Tamir RIce

Dispatcher Linked to Tamir Rice Police Shooting Death Suspended

The 911 operator who took the call which led to the boy's shooting by Cleveland officers was suspended eight days, but his family scoffed at the discipline

by #teamEBONY, March 15, 2017

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Tamir RIce

Tamir Rice family photo

A Cleveland emergency dispatcher whose taking of a 911 call led to the fatal shooting of 12-year-old Tamir Rice was suspended for eight days without pay for not indicating that he was a juvenile.

In a disciplinary letter dated March 10, Police Chief Calvin Williams found that Constance Hollinger did not follow proper protocols when she dispatched officers to the park where Rice was playing with a pellet gun, the Associated Press reported. Rice was shot within seconds of a police cruiser skidding to a stop just a few feet away from him in November 2014 outside of Cleveland recreational center.

The city charged Hollinger with failing to tell the dispatcher who sent the officers to the rec center that the man who called 911 about “a guy” pointing a gun at people also said it could be a juvenile and the gun might be a “fake.”

That omission was cited by former Cuyahoga County prosecutor Timothy J. McGinty as a crucial mistake that impacted how officers Timothy Loehmann and Frank Garmback responded. Loehmann shot and killed Rice less than two seconds after they arrived.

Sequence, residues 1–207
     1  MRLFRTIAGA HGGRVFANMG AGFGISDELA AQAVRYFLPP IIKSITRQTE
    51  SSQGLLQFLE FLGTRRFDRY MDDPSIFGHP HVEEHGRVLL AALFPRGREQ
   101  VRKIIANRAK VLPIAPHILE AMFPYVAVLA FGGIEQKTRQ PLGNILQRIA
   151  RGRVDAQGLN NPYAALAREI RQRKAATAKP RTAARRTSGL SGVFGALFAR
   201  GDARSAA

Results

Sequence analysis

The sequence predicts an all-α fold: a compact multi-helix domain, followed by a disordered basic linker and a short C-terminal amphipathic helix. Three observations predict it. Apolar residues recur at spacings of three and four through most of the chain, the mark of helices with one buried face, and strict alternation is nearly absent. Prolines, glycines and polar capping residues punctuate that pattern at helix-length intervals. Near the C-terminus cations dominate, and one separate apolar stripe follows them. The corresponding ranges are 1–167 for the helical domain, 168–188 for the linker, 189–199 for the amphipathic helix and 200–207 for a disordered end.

McGinty said the shooting might have been avoided if the information from the 911 caller had been properly relayed to the officers.

The boy’s mother, Samaria Rice expressed frustration over what she feels is inadequate discipline for the dispatcher. “Eight days for gross negligence resulting in the death of a 12-year-old boy,” said Rice family attorney Subodh Chandra said in a statement. “How pathetic is that?

“That the dispatcher still has her job when a child is dead speaks volumes about accountability in Cleveland,” he said.

Disciplinary action is pending for Loehmann, who drove up to the spot Rice was, and Garmback who fatally shot him, and could result in their dismissal from the Cleveland Police Department. An Ohio grand jury decided in 2015 not to indict the two officers on criminal charges connected to Rice’s death.

A message left by the Associated Press seeking comment on behalf of Hollinger and Cunningham was left for the Cleveland Police Patrolmen’s Association.

The city agreed last April to pay Rice’s family $6 million to settle a federal civil rights lawsuit.


— With reporting by AP

 
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